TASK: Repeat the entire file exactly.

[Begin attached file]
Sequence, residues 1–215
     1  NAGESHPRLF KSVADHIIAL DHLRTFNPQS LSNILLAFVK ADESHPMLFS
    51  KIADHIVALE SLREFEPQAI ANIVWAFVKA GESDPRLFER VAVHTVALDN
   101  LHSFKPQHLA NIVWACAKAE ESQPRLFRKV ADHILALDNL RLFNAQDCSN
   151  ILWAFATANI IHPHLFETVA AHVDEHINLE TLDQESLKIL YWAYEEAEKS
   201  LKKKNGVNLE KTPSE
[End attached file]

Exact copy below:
Sequence, residues 1–215
     1  NAGESHPRLF KSVADHIIAL DHLRTFNPQS LSNILLAFVK ADESHPMLFS
    51  KIADHIVALE SLREFEPQAI ANIVWAFVKA GESDPRLFER VAVHTVALDN
   101  LHSFKPQHLA NIVWACAKAE ESQPRLFRKV ADHILALDNL RLFNAQDCSN
   151  ILWAFATANI IHPHLFETVA AHVDEHINLE TLDQESLKIL YWAYEEAEKS
   201  LKKKNGVNLE KTPSE